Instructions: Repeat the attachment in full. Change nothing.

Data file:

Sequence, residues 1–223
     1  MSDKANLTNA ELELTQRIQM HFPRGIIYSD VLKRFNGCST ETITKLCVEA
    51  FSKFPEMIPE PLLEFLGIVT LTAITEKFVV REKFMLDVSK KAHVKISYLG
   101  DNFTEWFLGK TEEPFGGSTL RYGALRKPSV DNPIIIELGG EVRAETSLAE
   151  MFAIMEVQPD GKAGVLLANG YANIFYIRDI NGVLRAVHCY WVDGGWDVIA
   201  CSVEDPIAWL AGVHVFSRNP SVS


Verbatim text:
Sequence, residues 1–223
     1  MSDKANLTNA ELELTQRIQM HFPRGIIYSD VLKRFNGCST ETITKLCVEA
    51  FSKFPEMIPE PLLEFLGIVT LTAITEKFVV REKFMLDVSK KAHVKISYLG
   101  DNFTEWFLGK TEEPFGGSTL RYGALRKPSV DNPIIIELGG EVRAETSLAE
   151  MFAIMEVQPD GKAGVLLANG YANIFYIRDI NGVLRAVHCY WVDGGWDVIA
   201  CSVEDPIAWL AGVHVFSRNP SVS